Friday, 13 February 2009

Practice Makes Perfect

I'm one of those people who quite likes playing mediocre characters. Making the best of a bad lot is fun, especially if there's a humourous angle. But I also tend towards the view that there is something virtuous in overcoming the trials and difficulties of life as a bad character.

RPGers don't really talk about practice - not these days, anyway. I believe Gary Gygax may have mentioned it somewhere. But anything worth spending time doing, whether learning the saxophone, playing rugby or practicing keyhole surgery, requires it. Why should role playing be any different? And in the same way that playing chopsticks over and over again on the piano won't turn you into Rachmaninoff, surely playing uber-munchkin characters won't help you get very much better at your game of choice, either.

This is the problem with min-maxing and why it was always considered anathema, I think. Bring on the mediocre characters and the protestant work ethic for role playing!


  1. I'd agree with you if in the game there were more options of improving your character. One of the benefits of games like Hero, GURPS, and Rolemaster is that your not necessarily the same character physically stat wise as you are when you start. D&D, especially older editions, are notoriously hard to change ability scores and thus all the practice makes no practical difference.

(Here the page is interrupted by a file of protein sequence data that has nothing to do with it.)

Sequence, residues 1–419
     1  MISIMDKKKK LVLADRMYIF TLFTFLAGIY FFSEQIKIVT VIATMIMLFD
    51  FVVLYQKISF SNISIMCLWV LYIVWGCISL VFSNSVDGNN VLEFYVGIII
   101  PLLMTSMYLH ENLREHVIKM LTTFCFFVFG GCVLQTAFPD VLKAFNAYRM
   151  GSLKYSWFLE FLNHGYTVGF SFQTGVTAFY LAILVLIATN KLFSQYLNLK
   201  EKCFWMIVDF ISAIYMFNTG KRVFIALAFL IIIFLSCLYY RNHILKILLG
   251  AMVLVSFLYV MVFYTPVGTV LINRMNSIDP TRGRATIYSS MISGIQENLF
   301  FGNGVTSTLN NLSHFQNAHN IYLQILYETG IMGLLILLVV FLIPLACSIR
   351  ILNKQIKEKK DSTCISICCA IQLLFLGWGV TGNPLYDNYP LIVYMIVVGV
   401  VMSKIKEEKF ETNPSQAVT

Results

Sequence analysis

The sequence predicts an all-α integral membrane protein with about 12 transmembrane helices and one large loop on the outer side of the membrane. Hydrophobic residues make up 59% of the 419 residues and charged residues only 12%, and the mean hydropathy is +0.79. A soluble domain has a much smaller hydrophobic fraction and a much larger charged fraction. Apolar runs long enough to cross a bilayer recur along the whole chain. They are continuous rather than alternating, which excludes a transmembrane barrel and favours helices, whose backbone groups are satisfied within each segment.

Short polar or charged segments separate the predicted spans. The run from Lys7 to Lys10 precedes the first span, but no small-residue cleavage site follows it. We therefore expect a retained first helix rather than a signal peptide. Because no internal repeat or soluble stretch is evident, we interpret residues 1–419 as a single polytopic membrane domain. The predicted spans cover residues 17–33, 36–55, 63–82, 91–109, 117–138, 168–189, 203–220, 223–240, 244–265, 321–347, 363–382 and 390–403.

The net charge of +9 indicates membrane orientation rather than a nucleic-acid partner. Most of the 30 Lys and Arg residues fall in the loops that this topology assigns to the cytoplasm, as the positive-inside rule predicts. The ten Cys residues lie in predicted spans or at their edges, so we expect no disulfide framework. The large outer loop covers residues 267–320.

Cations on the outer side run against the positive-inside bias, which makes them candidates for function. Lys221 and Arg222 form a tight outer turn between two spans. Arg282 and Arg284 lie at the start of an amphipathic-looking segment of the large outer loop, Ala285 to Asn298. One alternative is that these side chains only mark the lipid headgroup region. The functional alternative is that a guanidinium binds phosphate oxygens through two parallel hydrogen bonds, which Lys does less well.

2. Joe: Sorry, I didn't mean in character terms - I meant as a player of the game personally. I think playing weaker characters allows you to practice role playing skills more, just how playing a tough Khatchaturian piece really hones your piano playing skills.

    You're right that D&D doesn't really allow a character to improve physically, but by the time they're 6th level and above they're practically demigods in real world terms anyway. I actually do prefer the GURPS/Rolemaster way, though, all told. Experienced characters in those games don't have the sense of invulnerability that high level D&D characters do.

  3. My experience is that most of the time, in the long run, the numbers on the character sheet just don’t really matter at all. It’s the decisions I make. It’s the ideas I come up with. It’s the coöperation. It’s the seeing a plan succeed...or fail. It’s hanging out with friends. Those are my measures of success.

    And it’s really funny when the munchkins accuse you of being a munchkin because somehow your mediocre PC seems to be outshining theirs.